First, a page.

BLOG POST

Health Law Scan

Legal Insights and Perspectives for the Healthcare Industry

Highlighting the US Department of Health and Human Services’ (HHS) efforts to transform the US healthcare system to a value-based model, the Office of the Inspector General (OIG) and the Centers for Medicare and Medicaid Services (CMS) have issued two proposed rules that seek to alter the landscape of healthcare program integrity and fraud and abuse regulation, as part of what HHS calls the “Regulatory Sprint to Coordinated Care Initiative.”

The HHS Regulatory Sprint identifies four lanes to better coordinate care:

  • Improving a patient’s ability to understand his/her treatment plans and be empowered to make decisions
  • Increasing providers’ alignment on end-to-end treatment
  • Providing incentives for providers to coordinate and collaborate care with their patients
  • Encouraging information sharing among providers, facilities, and other stakeholders in a manner that facilitates efficient care while preserving and protecting patient access to data

In light of the overlap between the Stark Law and the Anti-Kickback Statute (AKS), CMS and OIG coordinated the release of these proposed rules. The OIG’s proposed rule, however, creates its proposed safe harbors for value-based arrangements that are more restrictive than the CMS proposed safe harbors. The OIG explicitly recognized this difference, noting that the intent was to create a back-stop to any fraud and abuse issues that may arise. So, while these rules are intended to be read together, the differences between the two rules is likely to limit the agencies’ efforts to provide a cohesive set of regulations.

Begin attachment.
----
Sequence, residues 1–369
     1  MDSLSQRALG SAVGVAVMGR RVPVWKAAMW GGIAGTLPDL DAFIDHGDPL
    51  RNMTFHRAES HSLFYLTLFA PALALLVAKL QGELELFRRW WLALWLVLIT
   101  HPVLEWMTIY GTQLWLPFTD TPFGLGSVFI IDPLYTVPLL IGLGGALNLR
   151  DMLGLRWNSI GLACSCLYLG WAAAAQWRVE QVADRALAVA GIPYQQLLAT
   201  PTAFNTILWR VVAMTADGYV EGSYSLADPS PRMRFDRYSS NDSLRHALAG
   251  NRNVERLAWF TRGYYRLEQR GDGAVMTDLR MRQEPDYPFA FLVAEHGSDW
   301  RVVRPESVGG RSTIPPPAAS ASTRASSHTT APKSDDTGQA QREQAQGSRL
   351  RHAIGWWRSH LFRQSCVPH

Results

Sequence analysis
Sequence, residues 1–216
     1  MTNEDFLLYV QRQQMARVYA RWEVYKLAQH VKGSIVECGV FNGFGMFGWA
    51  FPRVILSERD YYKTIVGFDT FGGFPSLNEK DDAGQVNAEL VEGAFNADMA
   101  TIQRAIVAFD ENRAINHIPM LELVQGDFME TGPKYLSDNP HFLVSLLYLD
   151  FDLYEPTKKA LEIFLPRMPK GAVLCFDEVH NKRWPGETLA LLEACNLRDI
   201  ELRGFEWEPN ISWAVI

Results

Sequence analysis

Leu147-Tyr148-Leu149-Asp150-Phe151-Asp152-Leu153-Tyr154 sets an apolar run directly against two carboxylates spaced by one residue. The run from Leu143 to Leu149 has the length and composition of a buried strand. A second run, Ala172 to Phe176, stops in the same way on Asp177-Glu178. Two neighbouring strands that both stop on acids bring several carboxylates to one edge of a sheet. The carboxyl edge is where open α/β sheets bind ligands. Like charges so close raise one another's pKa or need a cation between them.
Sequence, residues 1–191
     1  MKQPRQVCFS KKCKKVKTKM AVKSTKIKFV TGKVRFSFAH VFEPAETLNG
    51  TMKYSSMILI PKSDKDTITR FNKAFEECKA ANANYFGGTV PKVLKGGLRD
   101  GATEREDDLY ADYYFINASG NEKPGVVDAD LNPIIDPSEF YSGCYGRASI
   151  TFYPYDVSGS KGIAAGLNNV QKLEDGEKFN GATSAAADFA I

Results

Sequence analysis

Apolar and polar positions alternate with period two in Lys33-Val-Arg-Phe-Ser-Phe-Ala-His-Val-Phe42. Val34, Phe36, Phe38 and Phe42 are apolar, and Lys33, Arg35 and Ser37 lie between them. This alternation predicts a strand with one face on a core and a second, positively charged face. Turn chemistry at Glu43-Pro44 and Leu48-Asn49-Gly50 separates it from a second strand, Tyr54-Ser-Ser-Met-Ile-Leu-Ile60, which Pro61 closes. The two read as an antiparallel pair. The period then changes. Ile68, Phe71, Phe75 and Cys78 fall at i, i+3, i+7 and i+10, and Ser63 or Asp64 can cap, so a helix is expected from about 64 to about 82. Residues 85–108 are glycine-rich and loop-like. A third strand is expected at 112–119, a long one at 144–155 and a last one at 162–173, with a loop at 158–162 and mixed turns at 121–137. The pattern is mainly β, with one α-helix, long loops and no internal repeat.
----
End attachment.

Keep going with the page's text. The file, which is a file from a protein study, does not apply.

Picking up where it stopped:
Comments to each proposed rule are due 75 days from the date of publication in the Federal Register, which we anticipate to be in the next week.

We will provide more in-depth analysis related to each rule, but several notable proposals stand out in both.

OIG Proposed Rule on Anti-Kickback Statute and Civil Monetary Penalty Changes

  • New safe harbors for participants in “value-based arrangements” including (1) care coordination arrangements, (2) value-based arrangements with substantial downside financial risk, and (3) value-based arrangements with full financial risk; these safe harbors will to varying degrees protect the exchange of money and in-kind remuneration between parties to value-based arrangements
  • A new safe harbor to protect the provision of tools and supports for patient engagement
  • A new safe harbor to protect the donation of cybersecurity technologies and services related to those technologies
  • Modifications to the existing safe harbor for electronic health records to reflect changes to requirements for interoperability
  • Expanding the “personal services” safe harbor for outcomes-based payments and part-time arrangements
  • Expanding the recently created safe harbor for local transportation to allow for the transportation of discharged patients and increase the mileage limits for rural areas
  • Expanding permitted beneficiary inducements to telehealth technologies provided to in-home dialysis patients, as required by the Bipartisan Budget Act of 2018